Artist Name: Super Death
Release Title: Noise Breeder
Release Date: 6 October 2022
Location: Brisbane, Australia
Written by Alfred C. Key IV
When I first listened to Super Death it was on a cloudy day on the California central coast. I had no idea what kind of music they played, and I was most certainly unaware of their preferred sound or its musicality. So when I turned on my computer and listened to their Noise Breeder album I was taken aback by what sounded like a demented version of hyper pop with metallic vocals. I was taken back in time to when I was a teenager, and a friend of mine was introducing me to the sounds of Arsonists Get all the Girls.
The same clash of electro with screamo can be heard on this album. Waves of synthesizers with chugging guitar sounds and vocal parts that grind on and on but not in a bad way. When listening I want to put my tight jeans on and slam dance around the house. The sense of scene is very prevalent on this album and it makes me feel ten times younger and at some points a little older than I would like to admit. When listening to music I like to paint or draw as a way to digest the sounds but when I listen to this particular band I am thrown into an overdriven pit of schizophrenia which describes how it feels to be unmedicated.
In the middle of the album there is a rhythmic almost hip hop flavored song called How it Feels which has a clean piano part that emphasizes the emotional lyrics and vibe of the song. Some of the songs are quite similar, which may be on purpose, but it’s not too bad – the industrial influences are there and I can hear the Ministry style of electro. While painting to this great music I am taken to a place where the underground fascination with electronic music is apparent. For as much as this album is a throwback to the early 2000’s and the first decade of the millennium, it is progressive in other ways.
It expresses ideas and sounds that I thought were extinct. Sounds of breakdown music with high energy emotional lyrics that makes one think about the human condition. The first song on Noise Breeder takes the punk beat to a new level with a synthesizer that combines dance with hyper intense distortion. I feel like I am moving through Ghost in the Shell, trying not to have my brain hacked by a rogue robot. There are some Death Grips influences here too, unsurprising given this release sounds like it’s from the Hackers era.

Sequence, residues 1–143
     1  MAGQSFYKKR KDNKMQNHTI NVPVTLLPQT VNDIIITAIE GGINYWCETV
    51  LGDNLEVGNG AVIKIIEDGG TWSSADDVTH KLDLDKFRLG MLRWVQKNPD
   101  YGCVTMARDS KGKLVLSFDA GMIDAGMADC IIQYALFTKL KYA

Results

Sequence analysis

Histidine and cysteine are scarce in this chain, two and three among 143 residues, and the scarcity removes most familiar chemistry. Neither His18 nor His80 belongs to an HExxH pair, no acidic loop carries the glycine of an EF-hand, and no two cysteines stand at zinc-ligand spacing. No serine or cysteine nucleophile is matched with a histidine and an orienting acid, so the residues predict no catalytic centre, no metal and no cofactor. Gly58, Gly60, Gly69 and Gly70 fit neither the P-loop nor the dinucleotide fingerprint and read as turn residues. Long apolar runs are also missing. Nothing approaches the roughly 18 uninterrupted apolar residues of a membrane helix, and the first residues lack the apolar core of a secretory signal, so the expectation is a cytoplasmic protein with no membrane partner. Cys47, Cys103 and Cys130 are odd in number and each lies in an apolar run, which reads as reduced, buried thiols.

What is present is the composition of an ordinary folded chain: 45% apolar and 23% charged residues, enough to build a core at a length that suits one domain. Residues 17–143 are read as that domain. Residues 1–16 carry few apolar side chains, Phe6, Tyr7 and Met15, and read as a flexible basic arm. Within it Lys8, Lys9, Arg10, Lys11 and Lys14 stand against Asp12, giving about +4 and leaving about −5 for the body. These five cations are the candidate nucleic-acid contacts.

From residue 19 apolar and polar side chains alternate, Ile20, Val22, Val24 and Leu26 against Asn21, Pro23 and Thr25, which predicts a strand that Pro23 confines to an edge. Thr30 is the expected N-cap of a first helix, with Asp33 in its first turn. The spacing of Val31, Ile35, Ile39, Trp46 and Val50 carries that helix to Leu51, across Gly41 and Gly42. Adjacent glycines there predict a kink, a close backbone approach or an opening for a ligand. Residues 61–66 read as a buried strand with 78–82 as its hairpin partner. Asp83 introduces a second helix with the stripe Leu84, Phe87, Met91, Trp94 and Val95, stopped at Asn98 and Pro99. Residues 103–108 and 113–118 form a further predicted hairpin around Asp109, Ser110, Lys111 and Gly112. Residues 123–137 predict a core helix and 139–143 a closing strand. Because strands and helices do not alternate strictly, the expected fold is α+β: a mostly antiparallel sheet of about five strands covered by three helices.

While listening to this album I felt a strong pull towards dubstep, which could be a good or a bad thing if one takes into context the emotion that’s trying to be conveyed. Super Death conveys electronica with the sensibility and chaos of Iwrestledabearonce. I’m not sure if that was their intent but it’s what I was hearing. To be completely honest, I feel one has to have really good ears to tell the subtle nuances between the bands of the underground music scene that combine screamo with genres like electro and technical death metal. This music reminds me that music is a spectrum not a monolith and I am hoping that this group is on a path of exploration rather than of stagnation where all their beats sound the same. I am looking forward to hearing more and I would hope to the gods that they keep an open mind instead of succumbing to the gate keeping and close-mindedness that killed the music of the first decade of the 2000s.